1. Thompson HJ, McCormick WC, Kagan SH. Traumatic brain injury in older adults: epidemiology, outcomes, and future implications. J Am Geriatr Soc. 2006;54(10):1590-1595.
  2. Keller JM, Sciadini MF, Sinclair E, O'Toole RV. Geriatric trauma: demographics, injuries, and mortality. J Orthop Trauma. 2012;26(9):e161-e165.
  3. Carter MW, Gupta S. Characteristics and outcomes of injury-related ED visits among older adults. Am J Emerg Med. 2008;26(3):296-303.
  4. Pracht EE, Langland-Orban B, Tepas JJ, Celso BG, Flint LM. Analysis of trends in the Florida Trauma System (1991-2003): changes in mortality after establishment of new centers. Surgery. 2006;140(1):34-43.
  5. Yildiz M, Bozdemir MN, Kilicaslan I, et al. Elderly trauma: the two years experience of a university-affiliated emergency department. Eur Rev Med Pharmacol Sci. 2012(16 Suppl 1):62-67.
  6. Sharma OP, Oswanski MF, Sharma V, Stringfellow K, Raj SS. An appraisal of trauma in the elderly. Am Surg. 2007;73(4):354-358.
  7. Downing A, Wilson R. Older People's Use of Accident and Emergency Services. Age Ageing. 2005;34(1):24-30.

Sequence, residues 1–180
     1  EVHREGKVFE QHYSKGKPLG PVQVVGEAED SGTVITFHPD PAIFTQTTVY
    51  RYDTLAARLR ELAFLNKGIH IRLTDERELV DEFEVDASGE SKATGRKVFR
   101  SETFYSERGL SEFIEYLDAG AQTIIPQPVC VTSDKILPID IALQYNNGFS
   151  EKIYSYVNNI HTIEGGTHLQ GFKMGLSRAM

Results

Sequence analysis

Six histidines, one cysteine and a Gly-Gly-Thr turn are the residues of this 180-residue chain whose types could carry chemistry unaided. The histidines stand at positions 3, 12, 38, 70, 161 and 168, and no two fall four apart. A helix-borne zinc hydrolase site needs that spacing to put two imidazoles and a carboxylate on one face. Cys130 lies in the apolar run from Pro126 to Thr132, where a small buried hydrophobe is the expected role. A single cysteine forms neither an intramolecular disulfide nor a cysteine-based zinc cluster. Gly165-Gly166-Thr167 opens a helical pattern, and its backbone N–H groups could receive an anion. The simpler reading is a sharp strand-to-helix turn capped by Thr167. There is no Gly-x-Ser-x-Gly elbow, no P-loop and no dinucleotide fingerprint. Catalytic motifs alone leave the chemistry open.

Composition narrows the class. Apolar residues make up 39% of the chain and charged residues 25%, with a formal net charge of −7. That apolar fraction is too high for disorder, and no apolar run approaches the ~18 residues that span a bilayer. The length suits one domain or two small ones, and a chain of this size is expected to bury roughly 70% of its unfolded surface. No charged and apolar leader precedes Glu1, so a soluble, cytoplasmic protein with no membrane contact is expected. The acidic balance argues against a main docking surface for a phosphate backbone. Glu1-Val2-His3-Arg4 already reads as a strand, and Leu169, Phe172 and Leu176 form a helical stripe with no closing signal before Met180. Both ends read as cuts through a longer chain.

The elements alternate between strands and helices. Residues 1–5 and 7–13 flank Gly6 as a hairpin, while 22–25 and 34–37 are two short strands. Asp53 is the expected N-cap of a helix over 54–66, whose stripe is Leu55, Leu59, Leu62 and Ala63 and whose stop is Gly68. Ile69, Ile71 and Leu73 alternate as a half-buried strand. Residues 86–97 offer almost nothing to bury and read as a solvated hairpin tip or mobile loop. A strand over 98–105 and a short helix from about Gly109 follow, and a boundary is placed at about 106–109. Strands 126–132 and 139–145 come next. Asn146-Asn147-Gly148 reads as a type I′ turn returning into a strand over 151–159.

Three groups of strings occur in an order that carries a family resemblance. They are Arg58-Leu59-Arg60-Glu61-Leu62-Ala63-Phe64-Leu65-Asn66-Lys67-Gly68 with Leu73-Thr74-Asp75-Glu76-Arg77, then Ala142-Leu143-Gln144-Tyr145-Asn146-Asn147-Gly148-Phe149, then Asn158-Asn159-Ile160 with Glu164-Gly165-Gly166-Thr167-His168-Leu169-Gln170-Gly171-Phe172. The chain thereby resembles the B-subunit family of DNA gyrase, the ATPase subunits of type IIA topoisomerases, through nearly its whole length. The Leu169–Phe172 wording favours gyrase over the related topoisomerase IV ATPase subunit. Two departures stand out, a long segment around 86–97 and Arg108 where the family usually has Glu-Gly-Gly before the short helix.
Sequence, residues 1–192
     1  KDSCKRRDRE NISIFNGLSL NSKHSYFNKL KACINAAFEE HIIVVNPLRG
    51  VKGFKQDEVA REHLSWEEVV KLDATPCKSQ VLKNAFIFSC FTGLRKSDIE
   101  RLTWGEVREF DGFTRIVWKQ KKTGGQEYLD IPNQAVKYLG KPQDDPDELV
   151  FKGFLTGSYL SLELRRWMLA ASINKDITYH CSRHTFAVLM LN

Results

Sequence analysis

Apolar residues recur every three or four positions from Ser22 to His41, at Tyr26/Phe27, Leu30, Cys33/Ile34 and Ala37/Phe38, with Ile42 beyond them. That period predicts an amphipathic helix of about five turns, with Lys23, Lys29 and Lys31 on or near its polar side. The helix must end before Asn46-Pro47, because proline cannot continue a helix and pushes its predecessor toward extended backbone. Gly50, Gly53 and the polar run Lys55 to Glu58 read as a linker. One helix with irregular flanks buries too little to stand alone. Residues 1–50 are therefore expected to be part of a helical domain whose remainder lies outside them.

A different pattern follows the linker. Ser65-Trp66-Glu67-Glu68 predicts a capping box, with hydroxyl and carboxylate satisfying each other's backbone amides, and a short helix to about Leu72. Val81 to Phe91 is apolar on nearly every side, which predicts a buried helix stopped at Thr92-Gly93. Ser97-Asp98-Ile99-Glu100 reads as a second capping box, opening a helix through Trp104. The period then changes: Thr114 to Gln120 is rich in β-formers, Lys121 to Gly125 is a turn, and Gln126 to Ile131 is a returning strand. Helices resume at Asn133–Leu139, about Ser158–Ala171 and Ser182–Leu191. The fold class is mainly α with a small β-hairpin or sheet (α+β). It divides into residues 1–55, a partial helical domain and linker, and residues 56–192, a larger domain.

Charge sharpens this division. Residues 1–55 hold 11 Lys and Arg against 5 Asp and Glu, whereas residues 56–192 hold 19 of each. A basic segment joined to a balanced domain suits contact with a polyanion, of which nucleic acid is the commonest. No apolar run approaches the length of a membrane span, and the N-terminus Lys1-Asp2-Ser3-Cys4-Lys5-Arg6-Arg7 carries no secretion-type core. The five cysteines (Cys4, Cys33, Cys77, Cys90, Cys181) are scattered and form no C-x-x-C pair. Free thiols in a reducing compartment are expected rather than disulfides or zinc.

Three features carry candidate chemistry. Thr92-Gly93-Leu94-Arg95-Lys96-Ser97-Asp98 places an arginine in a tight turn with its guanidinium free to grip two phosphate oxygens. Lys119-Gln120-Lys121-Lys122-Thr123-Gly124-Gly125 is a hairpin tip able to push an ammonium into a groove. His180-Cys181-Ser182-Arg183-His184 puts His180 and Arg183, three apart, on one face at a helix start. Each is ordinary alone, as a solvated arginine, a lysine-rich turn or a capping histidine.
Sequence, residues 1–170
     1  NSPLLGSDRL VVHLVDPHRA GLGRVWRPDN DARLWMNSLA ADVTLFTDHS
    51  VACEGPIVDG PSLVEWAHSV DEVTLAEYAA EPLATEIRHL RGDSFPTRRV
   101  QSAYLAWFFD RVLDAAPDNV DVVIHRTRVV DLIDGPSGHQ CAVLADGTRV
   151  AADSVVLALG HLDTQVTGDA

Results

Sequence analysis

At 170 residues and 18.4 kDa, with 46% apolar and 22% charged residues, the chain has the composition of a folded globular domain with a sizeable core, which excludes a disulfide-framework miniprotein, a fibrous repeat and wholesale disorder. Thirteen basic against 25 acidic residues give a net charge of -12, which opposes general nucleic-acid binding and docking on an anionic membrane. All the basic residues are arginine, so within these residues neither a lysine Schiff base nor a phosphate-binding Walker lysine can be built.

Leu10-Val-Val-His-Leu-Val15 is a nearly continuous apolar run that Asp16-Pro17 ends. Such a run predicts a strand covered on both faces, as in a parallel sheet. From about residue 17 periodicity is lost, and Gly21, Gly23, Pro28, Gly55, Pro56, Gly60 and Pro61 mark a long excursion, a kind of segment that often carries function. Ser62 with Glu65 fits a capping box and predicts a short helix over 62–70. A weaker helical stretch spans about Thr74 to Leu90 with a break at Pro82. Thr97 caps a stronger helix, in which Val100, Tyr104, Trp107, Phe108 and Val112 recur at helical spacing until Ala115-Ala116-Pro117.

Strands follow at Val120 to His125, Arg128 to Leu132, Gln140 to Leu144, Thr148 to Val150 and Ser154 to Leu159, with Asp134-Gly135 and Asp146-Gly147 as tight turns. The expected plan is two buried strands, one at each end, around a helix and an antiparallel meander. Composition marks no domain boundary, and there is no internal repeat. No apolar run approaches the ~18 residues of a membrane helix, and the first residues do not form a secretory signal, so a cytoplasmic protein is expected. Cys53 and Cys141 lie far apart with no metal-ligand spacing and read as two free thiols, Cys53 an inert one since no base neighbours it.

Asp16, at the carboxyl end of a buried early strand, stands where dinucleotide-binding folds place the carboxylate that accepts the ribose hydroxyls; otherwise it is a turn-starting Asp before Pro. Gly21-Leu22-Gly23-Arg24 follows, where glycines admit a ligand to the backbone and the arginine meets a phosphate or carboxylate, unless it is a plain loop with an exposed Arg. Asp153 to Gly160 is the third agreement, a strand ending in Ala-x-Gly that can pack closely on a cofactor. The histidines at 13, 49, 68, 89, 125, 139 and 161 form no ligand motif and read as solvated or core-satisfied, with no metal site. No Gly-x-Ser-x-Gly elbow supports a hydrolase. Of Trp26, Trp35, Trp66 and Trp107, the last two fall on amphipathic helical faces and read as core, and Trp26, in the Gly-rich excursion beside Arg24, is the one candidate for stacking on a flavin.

8. Salvi F, Mattioli A, Giannini E, et al. Pattern of use and presenting complaints of older patients visiting an Emergency Department in Italy. Aging Clin Exp Res. 2013;25(5):583-590.
  9. Taylor MD, Tracy JK, Meyer W, Pasquale M, Napolitano LM. Trauma in the elderly: intensive care unit resource use and outcome. J Trauma. 2002;53(3):407-414.
  10. Shapiro MJ, Partridge RA, Jenouri I, Micalone M, Gifford D. Functional decline in independent elders after minor traumatic injury. Acad Emerg Med. 2001;8(1):78-81.
  11. Wilber ST, Blanda M, Gerson LW, K.R. A. Short-term functional decline and service use in older emergency department patients with blunt injuries. Acad Emerg Med. 2010;17(7):679-686.
  12. Sirois MJ, Emond M, Ouellet MC, et al. Cumulative incidence of functional decline following minor injuries in previously independent older Canadian emergency department patients. J Am Geriatr Soc. 2013 61(10):1661-1668.